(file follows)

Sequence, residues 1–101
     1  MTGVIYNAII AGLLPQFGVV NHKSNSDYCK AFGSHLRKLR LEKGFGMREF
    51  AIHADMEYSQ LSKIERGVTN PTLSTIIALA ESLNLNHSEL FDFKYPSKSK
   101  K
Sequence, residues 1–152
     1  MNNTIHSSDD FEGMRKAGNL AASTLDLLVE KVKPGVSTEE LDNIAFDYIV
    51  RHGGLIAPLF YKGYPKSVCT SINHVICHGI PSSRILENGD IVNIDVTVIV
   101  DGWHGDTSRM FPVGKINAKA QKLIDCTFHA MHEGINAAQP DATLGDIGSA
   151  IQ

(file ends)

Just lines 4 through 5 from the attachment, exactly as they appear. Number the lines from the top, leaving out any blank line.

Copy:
   101  K
Sequence, residues 1–152